Ben Bostick Hellfire Simply Fantastic

Any musician who saves his busking money in order to record a debut EP has my unwavering respect. This talented musician released his full debut record the following year and now we have his next project, as momentum builds towards World domination. Now based in Southern California, the co-production on this release is shared by Bostick and John Would (Warren Zevon) and there is quite an influence of the departed genius in the songs included here. 

Bostick has a wicked & wry sense of looking at things and amidst a gumbo of Country, Rockabilly, Blues and Rock we are treated to plenty of drinkin’, hard partying on Saturday nights, lustful love flings, poor boy messes and just downright bitter and mean men - loners set to do you harm.

Titles such as The Other Side Of Wrong, How Much Lower Can I Go, Feeling Mean, Blow Off Some Steam and The Outsider give a very strong flavour of what is involved in the grooves here.

We have a Johnny Cash vibe on the cool, drinkin’ rockabilly of the title track. No Show Blues has the writer skipping out on his wedding day, while Work, Sleep, Repeat gives a sense of what he escaped from as the debts pile up and the feeling of living a trapped life starts seeping in.

Excellent band in Kyle Lalone (lead guitar, vocals), Luke Miller (piano, organ), Perry Morris (drums, percussion), Cory Tramontelli (bass) and Bostick on rhythm guitar, harmonica and lead vocals. Just go out and buy it…!  

Lucia Comnes Held In The Arms Delfina

Based in San Francisco, this musician plays fiddle and sings songs in an Americana, Folk, Roots idiom. She has studied with many fiddle masters in the U.S. and Ireland. She also attended the Traditional Irish Music Program at University College, Cork, to study spoken Gaelic and sean-nos, or “old-style,” singing. Add to this a deep interest in Balkan/Eastern European folk music and a picture emerges of a dedicated artist to her craft. Simple arrangements, a sweet voice and understated playing.

All songs are written by Comnes with four co-writes and the production, by both her and fellow (multi-instrumental) musician Gawain Mathews, is uncluttered and bright. Songs about a celebration of rural life (On The Farm, Winter In The Mountains), join with a nostalgia for home and family values, (The Sleeping Lady’s Daughter, Matilde, Song For Mama) childhood and best friends (Mirabelle), loyalty, love and understanding (Good Hands, I’m With You, Morning Star), while a sibling in trouble is the context for Side By Side. A very pleasant listen.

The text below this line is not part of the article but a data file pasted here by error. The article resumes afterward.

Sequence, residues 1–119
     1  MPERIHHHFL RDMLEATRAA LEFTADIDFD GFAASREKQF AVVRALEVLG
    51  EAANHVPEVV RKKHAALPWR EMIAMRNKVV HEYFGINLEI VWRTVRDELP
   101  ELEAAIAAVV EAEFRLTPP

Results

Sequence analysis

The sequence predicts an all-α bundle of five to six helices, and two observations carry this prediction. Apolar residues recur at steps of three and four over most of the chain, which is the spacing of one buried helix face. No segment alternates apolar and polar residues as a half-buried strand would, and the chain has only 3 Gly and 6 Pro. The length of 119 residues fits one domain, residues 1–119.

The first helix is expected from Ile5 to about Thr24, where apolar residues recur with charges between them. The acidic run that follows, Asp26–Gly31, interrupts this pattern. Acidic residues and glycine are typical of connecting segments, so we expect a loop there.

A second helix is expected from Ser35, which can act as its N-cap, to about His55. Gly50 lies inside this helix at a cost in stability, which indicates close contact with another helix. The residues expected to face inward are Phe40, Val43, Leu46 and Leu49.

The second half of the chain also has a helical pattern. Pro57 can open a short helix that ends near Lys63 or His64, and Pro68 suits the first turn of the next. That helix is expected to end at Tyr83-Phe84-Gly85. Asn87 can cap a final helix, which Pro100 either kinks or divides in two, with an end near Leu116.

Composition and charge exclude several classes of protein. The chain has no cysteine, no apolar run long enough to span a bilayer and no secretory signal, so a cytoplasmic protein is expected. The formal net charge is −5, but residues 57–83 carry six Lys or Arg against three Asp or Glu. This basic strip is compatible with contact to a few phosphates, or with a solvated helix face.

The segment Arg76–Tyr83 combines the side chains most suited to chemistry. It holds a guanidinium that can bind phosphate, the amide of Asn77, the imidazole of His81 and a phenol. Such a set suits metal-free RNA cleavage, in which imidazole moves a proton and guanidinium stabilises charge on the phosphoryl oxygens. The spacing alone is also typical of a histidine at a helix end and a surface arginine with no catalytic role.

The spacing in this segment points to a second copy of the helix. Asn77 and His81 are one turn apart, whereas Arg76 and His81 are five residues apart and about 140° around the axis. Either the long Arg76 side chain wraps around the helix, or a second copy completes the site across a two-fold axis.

Son Of The Velvet Rat The Late Show Fluff & Gravy/Mint 400 

Eleven songs recorded live at three separate venues in Austria and America and featuring husband-and-wife team Georg Altziebler and Heike Binder, who are the core of this band that has been producing music since 2004.

Having built quite a profile in their native Austria, they relocated to Joshua Tree in California’s Mojave Desert in 2013 and have continued to follow their vision of what can be described as reflective resonance...                                                         

Their last release, Dorado, was a brooding atmospheric work of dishevelled beauty, ragged in all the right places but shining with a certain light. The vocals of Georg are lived-in and winking at a secretly held knowledge that informs his writing. Heike gently harmonises to add sweet to the sour and reminds in parts of the stripped back Cowboy Junkie arrangements circa the Trinity Sessions. There is a fragile beauty in the songs and the simple acoustic strum of Little Flower plays against the up-tempo groove of Surfer Joe, while a Nick Cave ghost haunts the arrangement on Do You Love Me?

Sweet Angela allows the band to stretch into a Neil Young work-out vibe while the meditative, slow-burn quality of Copper Hill is closer to the core of this band’s interesting sound. Well worth further investigation. 

Vinny Clohisey Pistolero Self Release

This release by Irish musician Vinny Clohisey seems to have been in the works for a few years now. The very scant information says it was recorded in 2016 at Floodplain Studios in Clontarf but some internet searching shows that the actual release is this year, 2018. 

There is no list of credits to the musicians who play on the 11 songs which is unusual, given that the promo copy I received has a colourful insert with full lyrics. This booklet also states that “the songs on this cd predate those on my 2015 EP”. Hmmm…!

In any event, here it is – an independently created project that seems to have had its spiritual home in the regular sessions at Darkey Kelly’s, The Lord Edward and various Folk clubs in and around Dublin City. The playing is very consistent throughout and a number of the songs stand-out, like the two instrumentals Sevilla and An Turas go dti An Talamh Naofa (The Journey to The Holy Land) for all our International readers.

The vocals are not quite so consistent and something of an acquired taste on some of the songs. However, this is a small observation and the pleasure in songs such as Pistolero, There’s Good Out There, Spailpin’s Song and Southern Ways, far outweighs any perceived pain. Kudos to all concerned.